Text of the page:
New Testament Overview: 1 John

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    @ by J. Hampton Keathley, III {original source}  


While the author’s name is not found in the letter, it has traditionally been ascribed to John the apostle. Various references by early Christian writers including Irenaeusdb01, Clement of Alexandriadb02, and Tertulliandb03 spoke of John as the author of this epistle.

From the standpoint of internal evidence, there are some stylistic differences from the gospel of John, but these can be attributed to the differences between an epistle and a gospel.

Further, many similarities exist by way of

  • key words (abide or remain) or
  • contrasting figures like righteousness and sin, light and darkness, life and death, love and hateand truth and error.

In addition, the writer was one of the original witnesses of the Savior who knew Him intimately (1:1-5).

Then there are many similar expressions and phrases: compare 1 John 1:1 with John 1:1, 14; 1:4 with John 16:24; 1:6-7 with John 3:19-21; and 4:9 with John 1:14, 18. There are no good reasons why this book should not be attributed to the apostle John.

Though it is generally agreed that the same person wrote the gospel of John and these three epistles, some feel that they were not written (as traditionally held) by John the apostle, the son of Zebedeedb04, but by another John (the elder or presbyterdb052 John 1; 3 John 1).

It is argued that

  • (1) an uneducated man (Acts 4:13) could not have written something so profound as this gospel;
  • (2) a fisherman’s son would not have known the high priest as did John the apostle; and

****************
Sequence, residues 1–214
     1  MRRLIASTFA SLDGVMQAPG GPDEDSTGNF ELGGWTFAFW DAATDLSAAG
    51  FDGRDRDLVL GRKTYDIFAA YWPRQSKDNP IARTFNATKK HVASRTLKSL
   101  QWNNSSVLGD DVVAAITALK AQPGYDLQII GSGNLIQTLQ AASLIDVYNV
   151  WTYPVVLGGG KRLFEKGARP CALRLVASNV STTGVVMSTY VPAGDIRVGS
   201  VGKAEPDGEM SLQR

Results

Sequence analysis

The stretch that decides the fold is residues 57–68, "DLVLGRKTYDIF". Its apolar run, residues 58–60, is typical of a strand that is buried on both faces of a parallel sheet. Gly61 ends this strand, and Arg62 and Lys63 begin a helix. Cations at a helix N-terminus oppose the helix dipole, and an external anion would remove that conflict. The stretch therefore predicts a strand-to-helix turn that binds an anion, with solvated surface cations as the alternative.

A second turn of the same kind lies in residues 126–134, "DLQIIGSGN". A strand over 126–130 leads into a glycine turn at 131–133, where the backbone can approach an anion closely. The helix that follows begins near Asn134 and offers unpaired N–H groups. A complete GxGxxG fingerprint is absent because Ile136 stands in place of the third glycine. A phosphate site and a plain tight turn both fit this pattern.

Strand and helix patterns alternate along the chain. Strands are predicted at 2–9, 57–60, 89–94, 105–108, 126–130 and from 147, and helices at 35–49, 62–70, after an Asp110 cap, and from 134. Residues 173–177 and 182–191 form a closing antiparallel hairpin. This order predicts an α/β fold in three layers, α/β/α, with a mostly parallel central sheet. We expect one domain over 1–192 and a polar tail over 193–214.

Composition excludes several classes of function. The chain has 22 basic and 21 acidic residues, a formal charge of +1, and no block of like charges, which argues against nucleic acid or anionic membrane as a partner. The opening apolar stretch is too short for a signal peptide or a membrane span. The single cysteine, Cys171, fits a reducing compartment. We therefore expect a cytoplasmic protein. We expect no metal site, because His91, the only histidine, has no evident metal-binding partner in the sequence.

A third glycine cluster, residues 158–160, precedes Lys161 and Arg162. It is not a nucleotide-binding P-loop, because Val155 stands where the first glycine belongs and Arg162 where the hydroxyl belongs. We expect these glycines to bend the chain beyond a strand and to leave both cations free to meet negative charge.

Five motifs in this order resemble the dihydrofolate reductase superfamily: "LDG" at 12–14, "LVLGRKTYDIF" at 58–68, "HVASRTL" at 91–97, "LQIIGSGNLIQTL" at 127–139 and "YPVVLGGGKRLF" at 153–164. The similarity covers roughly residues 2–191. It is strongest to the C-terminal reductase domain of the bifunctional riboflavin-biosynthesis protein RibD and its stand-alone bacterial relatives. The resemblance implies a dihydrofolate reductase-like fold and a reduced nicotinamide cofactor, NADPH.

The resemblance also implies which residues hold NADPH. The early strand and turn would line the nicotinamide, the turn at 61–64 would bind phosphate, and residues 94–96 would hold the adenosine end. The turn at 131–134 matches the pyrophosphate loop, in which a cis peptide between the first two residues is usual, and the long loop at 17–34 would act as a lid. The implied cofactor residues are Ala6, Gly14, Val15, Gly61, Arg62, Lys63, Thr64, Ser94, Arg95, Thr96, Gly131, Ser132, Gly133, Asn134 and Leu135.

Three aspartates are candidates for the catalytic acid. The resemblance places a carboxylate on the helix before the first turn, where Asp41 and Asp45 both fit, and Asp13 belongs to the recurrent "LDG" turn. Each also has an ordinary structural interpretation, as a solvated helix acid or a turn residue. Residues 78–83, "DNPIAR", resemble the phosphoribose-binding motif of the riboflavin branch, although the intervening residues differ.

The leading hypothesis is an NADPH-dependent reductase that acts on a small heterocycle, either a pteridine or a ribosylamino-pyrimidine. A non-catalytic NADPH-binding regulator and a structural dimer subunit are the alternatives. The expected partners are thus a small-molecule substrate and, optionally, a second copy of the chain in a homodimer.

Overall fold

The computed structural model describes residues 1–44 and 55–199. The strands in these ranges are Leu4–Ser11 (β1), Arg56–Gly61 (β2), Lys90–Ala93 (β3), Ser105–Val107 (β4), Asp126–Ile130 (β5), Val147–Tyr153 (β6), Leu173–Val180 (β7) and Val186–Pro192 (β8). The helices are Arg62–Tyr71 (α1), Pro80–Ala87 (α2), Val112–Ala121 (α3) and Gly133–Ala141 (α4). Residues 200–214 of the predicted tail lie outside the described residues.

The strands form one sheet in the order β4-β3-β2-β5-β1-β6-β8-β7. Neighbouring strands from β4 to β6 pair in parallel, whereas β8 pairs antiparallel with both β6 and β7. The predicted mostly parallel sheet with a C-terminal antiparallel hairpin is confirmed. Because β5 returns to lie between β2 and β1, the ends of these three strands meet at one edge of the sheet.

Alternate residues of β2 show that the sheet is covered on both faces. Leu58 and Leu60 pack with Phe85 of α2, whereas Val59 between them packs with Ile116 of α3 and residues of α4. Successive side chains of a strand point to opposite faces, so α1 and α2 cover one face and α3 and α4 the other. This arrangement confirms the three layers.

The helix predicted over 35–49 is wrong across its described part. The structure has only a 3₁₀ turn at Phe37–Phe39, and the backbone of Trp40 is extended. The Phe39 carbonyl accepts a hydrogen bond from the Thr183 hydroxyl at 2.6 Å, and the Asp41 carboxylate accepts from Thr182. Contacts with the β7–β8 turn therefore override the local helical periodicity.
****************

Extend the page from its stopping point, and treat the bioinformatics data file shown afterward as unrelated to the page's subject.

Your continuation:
• (3) an apostle would not have called himself an elder.

But “uneducated” did not mean illiterate, only without formal training in the rabbinic schools; some fishermen were well-to-do (cf. Mark 1:20); and Peter, though an apostle, called himself an elder (1 Peter 5:1).

Further, if John the elder is the “beloved disciple” and the author of the gospel, why did he not mention John the son of Zebedee, an important figure in the life of Christ, in that gospel? Every evidence points to John the elder being the same as John the apostle and the author of this letter.fn93


All the way through the epistle there are verses that indicate John was writing to believers (2:1, 12-14, 19; 3:1; 5:13), but John nowhere indicates who they were or where they lived. This fact may suggest it was a circular letter to be circulated among several churches, perhaps around the city of Ephesus since early Christian writers placed John at Ephesus in his later years.

The earliest confirmed use of 1 John was in the province of Asia (in modern Turkey), where Ephesus was located. Clement of Alexandriadb02 indicates that John ministered in the various churches scattered throughout that province. It may be assumed, therefore, that 1 John was sent to the churches of the province of Asia.fn94

DATE: A.D. 85-90

It is difficult to precisely date this and the other epistles of John, but since many of the themes and words are so similar to the gospel of John, it is reasonable to assume it was written after the gospel. It was undoubtedly written after the gospel but before the persecutions of Domitian in A.D. 95. Therefore, a reasonable date is somewhere between A.D. 85-90.


The theme of the book is fellowship with God through the Lord Jesus (1:3-7).

In view of the heresy facing these believers, perhaps an early form of gnosticismdb06, John wrote to define the nature of fellowship with God whom he describes as light, love, and life.

To walk in fellowship with God, then, means to walk in the light which leads to experiencing His life, His love for others, and His righteousness. The book, then, gives a number of tests or proofs of fellowship, though some see these as tests of salvation. But in keeping with the theme, the teaching of the false teachers, and the nature of his audience as believers, it is best to view these as tests or proofs of fellowship, tests of abiding and knowing the Savior in an intimate relationship that experiences the transforming life of the Savior in believers.

The exact form of the heresy facing these Christians is difficult to determine, but from the content of 1 John it involved denial of the reality of the incarnation and a claim that sinful behavior did not hinder fellowship with God. Thus, John wrote to his “little children(2:1, 18, 28; 3:7, 18; 5:21) for at least five reasons:

  • (1) to promote true fellowship (1:3f.),